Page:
After the first Narendra Modi government got Parliament to pass a constitutional amendment bill in mid-August 2014, there were arguments on television and in newspapers against the new law. The amendment meant that the constitutionally-mandated National Judicial Appointments Commission would replace the collegium system controlled by judges.
The Modi government was moving ahead with its plans even as the matter was pending before a five-judge Constitution bench of the Supreme Court.
Finally, on 16 October 2015, the Supreme Court declared the new system “unconstitutional and void”, holding that the appointment of judges will remain the business of judges.
I was surprised by the strong opposition to the collegium system mounted by retired judges on TV debates.
“You don’t know the reality of how these people work when they sit in the collegium. Most of the recommendations have a back story. And, if you had the time and contacts, you could easily decipher. It is more often than not a clear case of you-scratch-my-back-today-and-I-will-scratch-yours-tomorrow,” a former chief justice of Allahabad High Court once said to me after my defence of the “corrupt and opaque” collegium system.
After his retirement, I asked the lone dissenter in the NJAC case – Justice Jasti Chelameshwar – about his opposition to the system. After all, wasn’t he a beneficiary of the same system?
“Judges should not defend their judgments. But, give it some more time and you will also realise your mistake,” he told me.
He was, I have to admit, not wrong.
CJ Tahilramani’s knock-out punch
The strongest vote of ‘no confidence’ in the collegium system, one that the government couldn’t succeed in achieving, has now been delivered by Madras High Court Chief Justice Vijaya Kamlesh Tahilramani.
And, unwittingly, five senior-most judges of the Supreme Court, including Chief Justice Ranjan Gogoi, have extended her a helping hand in bringing to light the inherent failure of the collegium system.
CJI Gogoi and the other members of the Supreme Court collegium – Justices S.A. Bobde, N.V. Ramana (both next in line to become CJIs), Arun Mishra and R.F. Nariman – recently decided to transfer Justice Tahilramani, after which she to put in her papers. As ThePrint’s Debayan Roy reported, Justice Tahilramani had opposed the collegium’s demand to elevate as judges two lawyers practising in her court.
Questions for CJI Gogoi and his brother-judges
Since the proceedings of the collegium meetings are never made public – except for the short note announcing a decision – here are some questions that its members, particularly CJI Gogoi, could begin by answering.
In January 2018, the wise men of the collegium, then headed by CJI Dipak Mishra, cited a 14-year-old adverse intelligence bureau report and his “poor performance” as a judge to overlook the Punjab and Haryana High Court judge Ajay Kumar Mittal’s claims for appointment as the chief justice of the Himachal Pradesh High Court.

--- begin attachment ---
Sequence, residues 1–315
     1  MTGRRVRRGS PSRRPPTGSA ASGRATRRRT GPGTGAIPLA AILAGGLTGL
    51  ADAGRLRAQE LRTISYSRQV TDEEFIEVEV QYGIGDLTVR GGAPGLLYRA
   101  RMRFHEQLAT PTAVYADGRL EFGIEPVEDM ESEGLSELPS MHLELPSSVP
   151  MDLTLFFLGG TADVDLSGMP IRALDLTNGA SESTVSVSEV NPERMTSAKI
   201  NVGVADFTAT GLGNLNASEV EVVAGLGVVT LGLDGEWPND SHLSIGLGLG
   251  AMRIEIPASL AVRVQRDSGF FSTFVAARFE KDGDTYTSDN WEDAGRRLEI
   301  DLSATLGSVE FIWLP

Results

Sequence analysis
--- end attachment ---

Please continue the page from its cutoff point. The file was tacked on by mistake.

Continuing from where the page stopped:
The members of the collegium didn’t even deem it fit to inform the nation that a few months earlier, two of them, including current CJI Gogoi, had played along to recommend Mittal’s name for the appointment as Chief Justice of Delhi HC.
Then in April this year, the collegium, now headed by CJI Gogoi, gave us no reason for overturning the earlier opposition and recommended Justice Mittal as Chief Justice of the Meghalaya High Court.
Just a few months earlier, the collegium had considered CJ Mittal unfit, but it now decided to appoint him as the chief justice of one of the most important high courts of India. And once again, there was no explanation. That is how opaque the decisions are.
Did any other member of the collegium raise any questions with regard to the move to send Chief Justice Mittal to Madras and Chief Justice Tahilramani to Meghalaya? More importantly, did any judge sitting in the collegium deem it fit to ask the CJI reasons behind his repeated change in view about the suitability or the lack of it with regard to Justice Mittal? We won’t know.
Repeated violations of memorandum of procedure
As far as the new memorandum of procedure is concerned, which the government and the judiciary started to finalise after the NJAC judgment, the revised age and income criteria have found support from both sides.
Also, the Supreme Court has clearly said that any tinkering with any clause will have to be cleared “unanimously” by five of its most senior judges.
It hasn’t happened yet. The MoP is with the govt and the Supreme Court says it has done whatever had to be done from its end.
But the Supreme Court collegium has repeatedly rejected the red flags raised by the Centre and cleared candidates who didn’t fulfil the age or the income criteria.
That the Supreme Court collegium has been selectively applying the income and age criterion is clearly proved when one looks at the number of rejections of names recommended for elevation by the collegium of the high courts of Madras and Calcutta.
As for CJ Tahilramani, if one follows the 1978 judgment of the Supreme Court in Union of India versus Gopal Chandra Misra, the President has no option but to accept her resignation.
But by deciding to resign rather than be made to pay for her principled stand, Chief Justice Tahilramani has shown the mirror to the collegium and left CJI Gogoi and his brother judges embarrassed.
The author is a senior journalist. Views are personal.
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